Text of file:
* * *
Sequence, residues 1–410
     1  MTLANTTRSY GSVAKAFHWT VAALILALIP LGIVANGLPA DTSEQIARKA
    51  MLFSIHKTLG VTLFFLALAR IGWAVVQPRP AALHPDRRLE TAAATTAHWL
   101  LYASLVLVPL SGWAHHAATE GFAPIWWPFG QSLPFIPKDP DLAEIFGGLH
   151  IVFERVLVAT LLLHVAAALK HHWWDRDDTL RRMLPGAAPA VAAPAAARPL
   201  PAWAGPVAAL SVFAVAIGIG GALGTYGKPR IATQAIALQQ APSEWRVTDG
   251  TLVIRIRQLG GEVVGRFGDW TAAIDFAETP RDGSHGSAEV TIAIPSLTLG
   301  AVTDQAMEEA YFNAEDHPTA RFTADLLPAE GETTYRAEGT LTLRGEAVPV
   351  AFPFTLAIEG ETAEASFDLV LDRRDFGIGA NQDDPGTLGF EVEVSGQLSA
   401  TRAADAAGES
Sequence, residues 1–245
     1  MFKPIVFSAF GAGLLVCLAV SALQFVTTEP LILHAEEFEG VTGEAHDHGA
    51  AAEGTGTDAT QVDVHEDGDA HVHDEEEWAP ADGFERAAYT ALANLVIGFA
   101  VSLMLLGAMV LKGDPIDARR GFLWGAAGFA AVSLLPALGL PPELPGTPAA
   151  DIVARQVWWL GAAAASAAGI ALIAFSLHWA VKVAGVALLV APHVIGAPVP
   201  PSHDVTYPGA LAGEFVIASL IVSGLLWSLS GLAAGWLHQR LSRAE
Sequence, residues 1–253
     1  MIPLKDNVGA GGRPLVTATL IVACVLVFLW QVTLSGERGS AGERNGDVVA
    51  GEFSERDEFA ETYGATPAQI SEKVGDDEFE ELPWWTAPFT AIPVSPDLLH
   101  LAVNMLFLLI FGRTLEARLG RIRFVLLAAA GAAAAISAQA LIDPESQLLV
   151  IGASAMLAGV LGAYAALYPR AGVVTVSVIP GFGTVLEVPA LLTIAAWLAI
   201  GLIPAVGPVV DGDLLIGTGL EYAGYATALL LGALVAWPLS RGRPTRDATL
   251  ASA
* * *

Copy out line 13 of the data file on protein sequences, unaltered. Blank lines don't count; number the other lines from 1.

    51  AAEGTGTDAT QVDVHEDGDA HVHDEEEWAP ADGFERAAYT ALANLVIGFA